The Real Estate Regulation and Development Act (RERA) aims to protect the homebuyers’ interests and boost investments in this sector. The Act came into force on 1st May 2016, when 59 sections were notified. The remaining provisions became effective from 1st May 2017.

Why RERA?

Homebuyers always complained that real estate favored the developers. The Act aims to offer equitable and fair transactions to both the buyers and sellers in the primary market. The new laws are expected to simplify the purchase of properties and bring greater transparency and accountability. It will give India its first real estate regulator.

Highlights of RERA

The most positive impact is the unified legal regime that will be applicable when you buy any real estate property. The Act aims to provide standardization. Here are five highlights of this Act.

1. Compulsory registration

Any project that is over 500 square meters or includes more than eight apartments must be registered with the respective state authority. Any existing projects that have not received a completion certificate (CC) or occupancy certificate (OC) must also be registered. Developers must offer detailed information, such as land status, approvals, completion schedule, and promoter details at the time of registration. Builders may market the project only on successful registration and receive the necessary approvals.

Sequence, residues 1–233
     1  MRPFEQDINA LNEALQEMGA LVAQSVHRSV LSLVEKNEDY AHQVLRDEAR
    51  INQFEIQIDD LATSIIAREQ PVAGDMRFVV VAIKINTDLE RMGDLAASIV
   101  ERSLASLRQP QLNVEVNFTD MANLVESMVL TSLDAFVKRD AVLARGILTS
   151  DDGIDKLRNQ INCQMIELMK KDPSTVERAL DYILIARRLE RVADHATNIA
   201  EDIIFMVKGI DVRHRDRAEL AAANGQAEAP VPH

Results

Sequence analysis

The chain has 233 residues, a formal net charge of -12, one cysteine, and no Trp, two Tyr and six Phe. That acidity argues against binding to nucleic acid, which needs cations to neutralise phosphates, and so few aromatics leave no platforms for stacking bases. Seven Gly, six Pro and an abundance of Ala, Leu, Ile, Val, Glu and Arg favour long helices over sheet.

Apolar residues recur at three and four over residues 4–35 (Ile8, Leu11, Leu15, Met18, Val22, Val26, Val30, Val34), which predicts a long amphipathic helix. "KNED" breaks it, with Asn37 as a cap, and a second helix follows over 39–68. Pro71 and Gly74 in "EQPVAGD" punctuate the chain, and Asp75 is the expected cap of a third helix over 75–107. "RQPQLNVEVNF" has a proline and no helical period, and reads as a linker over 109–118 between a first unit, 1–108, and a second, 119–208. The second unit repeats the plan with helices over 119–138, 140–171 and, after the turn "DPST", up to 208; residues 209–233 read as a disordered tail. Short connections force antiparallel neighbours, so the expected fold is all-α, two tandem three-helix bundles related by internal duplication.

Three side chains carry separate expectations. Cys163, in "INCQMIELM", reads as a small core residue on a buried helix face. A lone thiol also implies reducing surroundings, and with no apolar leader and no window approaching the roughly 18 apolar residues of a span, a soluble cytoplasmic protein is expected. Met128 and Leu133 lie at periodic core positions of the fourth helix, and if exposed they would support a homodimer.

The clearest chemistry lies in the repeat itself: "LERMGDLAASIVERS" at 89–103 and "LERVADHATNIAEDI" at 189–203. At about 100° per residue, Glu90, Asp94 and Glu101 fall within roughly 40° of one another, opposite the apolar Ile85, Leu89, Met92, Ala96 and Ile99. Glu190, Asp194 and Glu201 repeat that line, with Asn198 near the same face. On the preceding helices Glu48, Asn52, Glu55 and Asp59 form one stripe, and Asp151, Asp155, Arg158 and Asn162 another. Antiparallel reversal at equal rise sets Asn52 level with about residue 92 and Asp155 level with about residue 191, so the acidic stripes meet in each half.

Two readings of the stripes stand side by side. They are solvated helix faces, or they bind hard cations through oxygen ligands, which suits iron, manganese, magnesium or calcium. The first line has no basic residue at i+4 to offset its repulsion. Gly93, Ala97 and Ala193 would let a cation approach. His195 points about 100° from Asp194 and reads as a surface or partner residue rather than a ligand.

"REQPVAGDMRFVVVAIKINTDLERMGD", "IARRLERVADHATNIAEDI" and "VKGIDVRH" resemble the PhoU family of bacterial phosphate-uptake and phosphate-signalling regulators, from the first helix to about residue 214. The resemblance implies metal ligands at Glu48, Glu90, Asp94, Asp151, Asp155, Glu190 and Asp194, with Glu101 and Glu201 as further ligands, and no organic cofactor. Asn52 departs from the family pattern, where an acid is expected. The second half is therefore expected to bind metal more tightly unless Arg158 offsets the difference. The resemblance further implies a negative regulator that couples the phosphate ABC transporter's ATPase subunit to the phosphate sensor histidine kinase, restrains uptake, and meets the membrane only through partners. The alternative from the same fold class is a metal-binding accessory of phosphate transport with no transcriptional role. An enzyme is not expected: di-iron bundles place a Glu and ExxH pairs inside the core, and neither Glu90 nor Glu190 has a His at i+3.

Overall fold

2. Reserve account

Before the implementation of this Act, there were delays when developers diverted funds from one project to another. To prevent such diversions, the Act now requires builders to park 70% of the project receivables in a reserve account. This money may be used only for the land development and construction costs as certified by professionals.

3. Title representation

All promoters must make a positive warranty on their titles and interests on the properties. Homebuyers may be able to use this information in case any issues related to the title are discovered. In addition, promoters must avail of insurance against the construction and title and the proceeds of such insurance are available to the buyers when the sale agreement is executed.

4. Continuous disclosures by promoters

The successful implementation of this Act enables homebuyers to monitor the progress of the project. Promoters are periodically required to submit all the information related to the project for the benefit of the purchasers.

5. Standardized sale agreement

RERA provides for a standardized model sale agreement between the developers and homebuyers. It was common for developers to insert punitive clauses in case buyers were penalized for defaults, such as delay in disbursal of the home loan. However, the sale agreement did not include punitive clauses for any defaults made by the developers. Homebuyers may now look forward to balanced sale agreements with the implementation of this Act.

To prevent any violations of the provisions of this Act, a monetary penalty will be levied on the violators. This may be a fine of up to 10% of the project cost and imprisonment.
RERA is expected to bring positive changes to the real estate sector. Financial institutions foresee an increase in the demand resulting in greater housing loan opportunities.